Empathetic Understanding and Deliberative Democracy

Philosophy and Phenomenological Research 101 (3):591-611 (2019)
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Abstract

Epistemic democracy is standardly characterized in terms of “aiming at truth”. This presupposes a veritistic conception of epistemic value, according to which truth is the fundamental epistemic goal. I will raise an objection to the standard (veritistic) account of epistemic democracy, focusing specifically on deliberative democracy. I then propose a version of deliberative democracy that is grounded in non-veritistic epistemic goals. In particular, I argue that deliberation is valuable because it facilitates empathetic understanding. I claim that empathetic understanding is an epistemic good that doesn’t have truth as its primary goal.

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Michael Hannon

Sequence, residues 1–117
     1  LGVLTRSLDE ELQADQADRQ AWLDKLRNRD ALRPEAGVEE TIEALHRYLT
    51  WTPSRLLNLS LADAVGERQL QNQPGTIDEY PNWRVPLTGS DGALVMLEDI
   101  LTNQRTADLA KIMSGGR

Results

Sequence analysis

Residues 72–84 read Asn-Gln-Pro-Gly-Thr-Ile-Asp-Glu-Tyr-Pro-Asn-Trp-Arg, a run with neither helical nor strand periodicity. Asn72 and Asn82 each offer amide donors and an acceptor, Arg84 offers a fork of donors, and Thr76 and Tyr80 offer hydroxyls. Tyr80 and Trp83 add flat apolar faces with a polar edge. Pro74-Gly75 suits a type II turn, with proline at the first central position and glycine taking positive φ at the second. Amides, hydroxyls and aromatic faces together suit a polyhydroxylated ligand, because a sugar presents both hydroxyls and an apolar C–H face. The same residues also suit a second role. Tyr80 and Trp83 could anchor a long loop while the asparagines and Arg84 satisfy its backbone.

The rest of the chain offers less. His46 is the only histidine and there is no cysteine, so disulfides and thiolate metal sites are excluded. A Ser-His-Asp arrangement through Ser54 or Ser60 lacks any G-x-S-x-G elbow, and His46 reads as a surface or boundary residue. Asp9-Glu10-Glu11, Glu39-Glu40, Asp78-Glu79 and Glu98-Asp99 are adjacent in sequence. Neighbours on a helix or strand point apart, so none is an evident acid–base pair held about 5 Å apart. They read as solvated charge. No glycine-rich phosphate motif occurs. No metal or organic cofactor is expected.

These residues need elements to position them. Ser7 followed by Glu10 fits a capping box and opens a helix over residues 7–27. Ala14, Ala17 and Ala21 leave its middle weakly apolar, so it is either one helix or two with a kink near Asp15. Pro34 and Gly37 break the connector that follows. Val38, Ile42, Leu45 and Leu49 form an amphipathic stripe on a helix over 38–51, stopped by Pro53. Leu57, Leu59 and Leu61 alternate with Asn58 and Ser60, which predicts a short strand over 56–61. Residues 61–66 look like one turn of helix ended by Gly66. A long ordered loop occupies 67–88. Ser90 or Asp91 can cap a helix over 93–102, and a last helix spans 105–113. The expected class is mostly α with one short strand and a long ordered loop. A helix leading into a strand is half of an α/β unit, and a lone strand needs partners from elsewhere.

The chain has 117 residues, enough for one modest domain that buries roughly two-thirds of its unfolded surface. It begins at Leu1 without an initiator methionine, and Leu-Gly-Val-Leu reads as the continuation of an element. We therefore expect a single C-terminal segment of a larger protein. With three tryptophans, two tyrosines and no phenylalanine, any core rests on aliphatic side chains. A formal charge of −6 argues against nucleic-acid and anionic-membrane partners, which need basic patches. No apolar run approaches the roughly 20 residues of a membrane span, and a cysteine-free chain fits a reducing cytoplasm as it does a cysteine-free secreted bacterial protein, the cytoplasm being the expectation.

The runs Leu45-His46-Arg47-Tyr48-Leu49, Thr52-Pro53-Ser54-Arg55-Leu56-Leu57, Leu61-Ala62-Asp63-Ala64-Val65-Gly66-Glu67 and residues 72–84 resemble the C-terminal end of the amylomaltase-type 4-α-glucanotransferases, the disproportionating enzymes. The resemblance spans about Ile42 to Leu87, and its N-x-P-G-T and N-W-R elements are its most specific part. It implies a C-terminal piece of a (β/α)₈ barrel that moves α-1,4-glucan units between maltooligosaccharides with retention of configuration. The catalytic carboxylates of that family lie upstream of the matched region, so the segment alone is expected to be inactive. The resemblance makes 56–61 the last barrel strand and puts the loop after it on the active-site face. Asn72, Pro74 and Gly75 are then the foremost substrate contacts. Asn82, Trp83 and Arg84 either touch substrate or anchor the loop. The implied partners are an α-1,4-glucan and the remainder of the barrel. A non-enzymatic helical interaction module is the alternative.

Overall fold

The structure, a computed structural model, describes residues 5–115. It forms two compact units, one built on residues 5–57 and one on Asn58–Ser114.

Nottingham University

Citations of this work

Recent Work in the Epistemology of Understanding.Michael Hannon - 2021 - American Philosophical Quarterly 58 (3):269-290.
What's Wrong with Partisan Deference?Elise Woodard - forthcoming - In Worsnip Alex (ed.), Oxford Studies in Epistemology, Vol. 8. Oxford: Oxford University Press.
Epistemic Styles.Carolina Flores - 2021 - Philosophical Topics 49 (2):35-55.
Democracy.Tom Christiano - 2008 - Stanford Encyclopedia of Philosophy.

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References found in this work

Knowledge in a social world.Alvin I. Goldman - 1999 - New York: Oxford University Press.
The Enigma of Reason.Dan Sperber & Hugo Mercier (eds.) - 2017 - Cambridge, MA, USA: Harvard University Press.
Against Democracy: New Preface.Jason Brennan - 2016 - Princeton: Princeton University Press.

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